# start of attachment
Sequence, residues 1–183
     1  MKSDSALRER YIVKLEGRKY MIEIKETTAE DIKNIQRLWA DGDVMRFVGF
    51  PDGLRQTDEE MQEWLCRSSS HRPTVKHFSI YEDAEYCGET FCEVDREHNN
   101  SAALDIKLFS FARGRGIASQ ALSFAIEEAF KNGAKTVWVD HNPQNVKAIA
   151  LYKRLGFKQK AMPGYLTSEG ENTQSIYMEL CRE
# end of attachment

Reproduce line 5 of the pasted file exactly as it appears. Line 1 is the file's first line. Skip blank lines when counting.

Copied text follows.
   151  LYKRLGFKQK AMPGYLTSEG ENTQSIYMEL CRE